Boil water and cook noodles for 3 minutes. Remove, drain and enjoy!
Saturday, January 21, 2012
Hi everyone! I've been off my regular posting schedule because I moved to New Jersey and started working full time at Johnson & Johnson! I was in a hotel for the first few days and moved into my permanent apartment last week, where I'll be for the next 6 months. On my first day of work my manager (who reads my food blog and jokes about putting the link on our J&J sales department website) had this beautiful homemade apron waiting outside my cubicle - thanks Patty! It was a great welcome into the office. :)
This stir fry took 15 minutes to make and I simply used the ingredients I had in my fridge. Easy, light, high in protein and sooo good as leftovers. I recommend making the whole batch and storing it in your fridge for a few days... mostly because you're gonna want to eat it again.
Sesame Cashew Shrimp Stir Fry
Serves: 4 Prep: 15 minutes Total: 15 minutes
1 lb frozen shrimp, cooked and deveined
1 1/4 cup broccoli, chopped
3/4 cup tomato, chopped
1 cup raw cashews
1/2 cup sesame stir fry sauce
2 cups brown rice
Thaw frozen shrimp and remove tails. Chop broccoli and begin sauteing in oil on medium heat. Once broccoli begins to soften, add whole shrimp, tomato and cashews. Pour sesame sauce over shrimp mixture and cook for 5-8 minutes.
Cook brown rice as directed. Cool and serve with stir fry.
Sunday, January 1, 2012
I used to think that being from a small town was a nuisance when coming home from school. Everywhere I went, I ran into people I grew up with. Sometimes I really enjoy the anonymity of walking through the streets of Boston and going about my day in a zone. However, last night made me realize why I love being from my town. I ended up celebrating New Years with my two best friends, two of our boyfriends, and a ton of old high school friends who I rarely see anymore. Realizing that I can come home and connect with people I haven't talked to or seen in years reminded me that home is more than a destination. It's reassuring to know that no matter what, I'll always have friends to return to. To sum it up with my favorite quote, "No distance of place or lapse of time can lessen the friendship of those who are thoroughly persuaded of each other's worth."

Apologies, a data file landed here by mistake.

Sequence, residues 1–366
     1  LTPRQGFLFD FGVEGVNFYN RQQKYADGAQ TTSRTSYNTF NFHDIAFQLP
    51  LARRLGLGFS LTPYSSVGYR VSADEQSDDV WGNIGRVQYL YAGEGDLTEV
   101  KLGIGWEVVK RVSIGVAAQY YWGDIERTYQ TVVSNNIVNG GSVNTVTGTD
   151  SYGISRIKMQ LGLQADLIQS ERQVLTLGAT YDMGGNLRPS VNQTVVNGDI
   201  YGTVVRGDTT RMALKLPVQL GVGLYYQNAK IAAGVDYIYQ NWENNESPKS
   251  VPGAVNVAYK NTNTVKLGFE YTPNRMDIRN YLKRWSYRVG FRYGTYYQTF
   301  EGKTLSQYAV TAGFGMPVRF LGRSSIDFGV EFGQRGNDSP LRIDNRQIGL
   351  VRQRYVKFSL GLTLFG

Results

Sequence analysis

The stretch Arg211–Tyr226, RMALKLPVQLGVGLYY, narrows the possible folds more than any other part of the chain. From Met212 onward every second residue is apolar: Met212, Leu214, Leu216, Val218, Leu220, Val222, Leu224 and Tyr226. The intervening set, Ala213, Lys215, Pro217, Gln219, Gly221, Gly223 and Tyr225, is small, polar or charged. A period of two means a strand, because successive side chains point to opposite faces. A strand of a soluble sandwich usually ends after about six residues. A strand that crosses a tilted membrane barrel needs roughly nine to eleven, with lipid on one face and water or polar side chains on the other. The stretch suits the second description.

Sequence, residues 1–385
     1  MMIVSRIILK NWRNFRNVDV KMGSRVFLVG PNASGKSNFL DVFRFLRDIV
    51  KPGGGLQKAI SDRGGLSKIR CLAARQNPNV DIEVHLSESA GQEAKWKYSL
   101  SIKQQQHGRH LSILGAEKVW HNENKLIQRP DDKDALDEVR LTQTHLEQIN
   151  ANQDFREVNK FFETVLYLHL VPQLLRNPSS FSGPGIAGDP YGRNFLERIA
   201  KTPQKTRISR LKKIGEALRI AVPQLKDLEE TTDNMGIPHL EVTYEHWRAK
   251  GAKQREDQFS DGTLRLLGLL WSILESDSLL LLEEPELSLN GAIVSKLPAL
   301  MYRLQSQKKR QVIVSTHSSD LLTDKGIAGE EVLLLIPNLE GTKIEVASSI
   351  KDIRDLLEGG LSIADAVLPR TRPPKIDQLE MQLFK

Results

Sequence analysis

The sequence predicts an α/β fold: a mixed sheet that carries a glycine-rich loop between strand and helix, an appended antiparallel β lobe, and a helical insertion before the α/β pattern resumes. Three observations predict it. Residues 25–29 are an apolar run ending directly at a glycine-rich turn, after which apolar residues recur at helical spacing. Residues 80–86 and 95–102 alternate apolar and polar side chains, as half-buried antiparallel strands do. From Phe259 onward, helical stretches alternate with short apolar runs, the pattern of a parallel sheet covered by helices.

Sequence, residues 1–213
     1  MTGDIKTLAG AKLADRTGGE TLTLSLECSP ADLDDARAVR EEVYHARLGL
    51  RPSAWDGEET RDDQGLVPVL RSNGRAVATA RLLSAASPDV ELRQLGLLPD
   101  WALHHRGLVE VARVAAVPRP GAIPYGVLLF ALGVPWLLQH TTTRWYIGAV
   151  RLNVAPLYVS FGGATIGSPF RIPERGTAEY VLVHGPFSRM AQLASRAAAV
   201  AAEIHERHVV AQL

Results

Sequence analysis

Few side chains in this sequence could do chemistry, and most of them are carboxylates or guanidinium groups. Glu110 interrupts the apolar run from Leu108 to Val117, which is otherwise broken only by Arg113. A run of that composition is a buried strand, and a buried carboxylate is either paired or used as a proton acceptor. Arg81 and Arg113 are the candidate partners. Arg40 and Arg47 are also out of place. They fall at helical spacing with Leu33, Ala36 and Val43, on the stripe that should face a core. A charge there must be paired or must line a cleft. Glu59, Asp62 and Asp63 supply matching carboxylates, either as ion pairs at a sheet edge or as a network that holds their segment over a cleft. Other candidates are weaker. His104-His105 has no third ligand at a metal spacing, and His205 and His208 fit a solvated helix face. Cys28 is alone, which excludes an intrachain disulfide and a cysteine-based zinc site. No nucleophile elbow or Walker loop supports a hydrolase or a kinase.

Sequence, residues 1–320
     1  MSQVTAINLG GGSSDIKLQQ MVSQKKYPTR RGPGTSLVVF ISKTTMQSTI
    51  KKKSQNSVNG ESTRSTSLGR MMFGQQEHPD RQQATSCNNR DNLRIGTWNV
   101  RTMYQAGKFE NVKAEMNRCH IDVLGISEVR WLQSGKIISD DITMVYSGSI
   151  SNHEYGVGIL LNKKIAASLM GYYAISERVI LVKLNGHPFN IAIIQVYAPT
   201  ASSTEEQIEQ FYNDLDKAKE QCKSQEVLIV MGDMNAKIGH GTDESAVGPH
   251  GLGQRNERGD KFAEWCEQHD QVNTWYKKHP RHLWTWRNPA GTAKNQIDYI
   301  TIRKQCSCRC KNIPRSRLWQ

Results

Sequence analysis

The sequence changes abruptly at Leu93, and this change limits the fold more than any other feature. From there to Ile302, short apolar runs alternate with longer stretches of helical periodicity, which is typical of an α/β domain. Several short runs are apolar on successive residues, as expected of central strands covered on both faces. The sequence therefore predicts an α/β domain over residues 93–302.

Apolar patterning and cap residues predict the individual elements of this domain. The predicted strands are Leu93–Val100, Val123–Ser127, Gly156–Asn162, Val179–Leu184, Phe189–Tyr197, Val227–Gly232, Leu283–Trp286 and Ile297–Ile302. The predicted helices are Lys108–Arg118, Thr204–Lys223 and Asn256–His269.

Anyhoo, about the bread. Dylan and I baked these loaves for my extended family to give as Christmas gifts. (Dylan's been home with me for a whole week! We've been doing a lot of cooking.) Turns out bread is very easy to make. It's a little time consuming to let the dough rise but the braiding part is really fun and it came out delicious. Perfect fresh and even better as French toast!
Cinnamon Challah Bread
(Adapted from Fabulous Foods)
Makes: 2 loaves Prep: 1 hour Total: 3 hours, 20 minutes
4 eggs, one divided
1/2 cup sugar
1/3 cup vegetable oil
1 1/2 tsp salt
1 tsp cinnamon
2 envelopes dry active yeast
1 cup warm water
6 cups flour
Whisk 4 eggs together, reserving one egg yolk but adding the egg white. Add sugar, oil, salt and cinnamon. In a separate bowl, combine dry active yeast with warm water until yeast dissolves. Mix the yeast water with the egg mixture, add 5 1/4 cups flour and begin kneading the dough with floured hands. Gradually add the last 3/4 cup flour and knead until the dough is stretchy.
Place dough in a greased bowl, cover with a towel and let rise for 2 hours. When dough has risen and doubled in size, punch down and divide in half. Cut each half into three pieces, roll out into equal pieces and braid, pinching the ends to close off the braid. Place on a greased baking sheet, cover and let rise for one hour.
Preheat oven to 400 degrees. Beat reserved yolk with water and brush on loaves. Bake for 25 minutes until golden brown and the loaf sounds hollow when tapped.